When you’re not in the bath, set yourself up with a hot water bottle to place on your stomach. These bottles are a lifesaver and deeply help to reduce pain, especially in the night when it can be hard to fall asleep.
Additionally, a lot of women crave dark meat on their period, however, this is not the best time to consume it. Really, what your body is craving is the vitamins and minerals that can be found in the smoothie above. The reason you want to avoid dark meats is because they can contribute to your hormones, therefore increasing your moodiness and pains. An alternative is to cook yourself up a nice salmon meal (follow link to find recipe) as it is full of omega-3, B6, and vitamin D (Orenstein). All of these components will will help to relieve breast pain, irritability, and fatigue.
And if that’s not enough, and you find yourself tempted to reach for that bottle of Midol, here’s something different you can take. I am fortunate enough to work for a Master herbalist in my home town. She makes a variety of herbal formulas for just about everything. However, for the pain I just can’t beat, I take her Mense-Soothe. Works like a charm! (She also carries a formula for PMS). And good news: We ship! Just go to www.dancingwillowherbs.com and you can order a bottle of your own to see for yourself.
So here’s a list of things to try next time your cycle comes around! Mainly, just go slow, take care of, and be kind to yourself! You work so hard the other 28 days, give yourself the space to be unruly, angry, tired, and crampy. Hopefully these help! As always, feel free to leave a comment bellow! Let me know what you think and if you thought this was helpful ❤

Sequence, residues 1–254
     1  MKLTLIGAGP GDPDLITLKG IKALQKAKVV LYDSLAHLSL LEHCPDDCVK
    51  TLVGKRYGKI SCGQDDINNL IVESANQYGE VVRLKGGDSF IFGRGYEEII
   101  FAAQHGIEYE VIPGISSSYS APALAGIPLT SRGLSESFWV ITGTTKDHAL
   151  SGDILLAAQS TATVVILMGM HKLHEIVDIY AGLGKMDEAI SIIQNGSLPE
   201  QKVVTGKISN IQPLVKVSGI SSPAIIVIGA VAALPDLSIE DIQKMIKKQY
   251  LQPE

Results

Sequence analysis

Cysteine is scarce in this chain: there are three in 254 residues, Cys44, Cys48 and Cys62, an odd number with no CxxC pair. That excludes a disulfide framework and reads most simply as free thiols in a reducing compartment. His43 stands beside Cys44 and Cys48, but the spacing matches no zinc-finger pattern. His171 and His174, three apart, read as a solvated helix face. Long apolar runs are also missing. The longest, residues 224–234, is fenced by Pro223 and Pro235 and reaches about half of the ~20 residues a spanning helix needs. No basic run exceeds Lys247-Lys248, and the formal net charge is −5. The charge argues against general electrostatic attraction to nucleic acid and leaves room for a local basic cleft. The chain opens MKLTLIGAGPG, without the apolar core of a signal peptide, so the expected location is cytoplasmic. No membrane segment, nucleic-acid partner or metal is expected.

Oh, ONE MORE THING! Speaking of periods…If you haven’t, you should watch this video of a poem written by an amazing women… it’s titled The Period Poem. It’ll change your view of periods forever. Blessings to Dominque Christina for writing and inspiring all women: https://www.youtube.com/watch?v=4vu2BsePvoI
Much Love ❤
“Midol Maximum Strength Menstrual: Indications, Side Effects, Warnings – Drugs.com.” Midol Maximum Strength Menstrual: Indications, Side Effects, Warnings – Drugs.com. Drugs.com, 31 Aug. 2015. Web. 26 Sept. 2015.
“Midol Complete – (Acetaminophen) Side Effects, Dosage, Uses, Interaction – PDRHealth.” Pdrhealth. PDRHealth, 2015. Web. 26 Sept. 2015.
Orrange, Dr. Sharron. “Is Ibuprofen/Advil Bad for My Liver and Kidneys?” GoodRx. GoodRx, 30 July 2013. Web. 26 Sept. 2015.
Orenstein, Ben. “8 Foods That Help Fight PMS.” EverydayHealth.com. Ed. Niya Jones. Everyday Health, 2015. Web. 26 Sept. 2015.
Merriment, Mary. “Food Remedies That Reduce Symptoms of PMS.” HubPages. HubPages, 4 Nov. 2012. Web. 26 Sept. 2015.
“12 Best Foods for Fighting Menstrual Cramps.” Heal With Foods. Heal With Foods, 2015. Web. 26 Sept. 2015.
“Why Chia Seeds Are Good for You (and the Healthiest Way to Eat Them).” Heal With Foods. Heal With Foods, 2015. Web. 26 Sept. 2015.
Goodwin, Lindsey. “Peppermint Tea Health Benefits and Side Effects.” About Food. About Food, 2015. Web. 26 Sept. 2015.
Image from: http://diannemalone.com/blog/?p=1950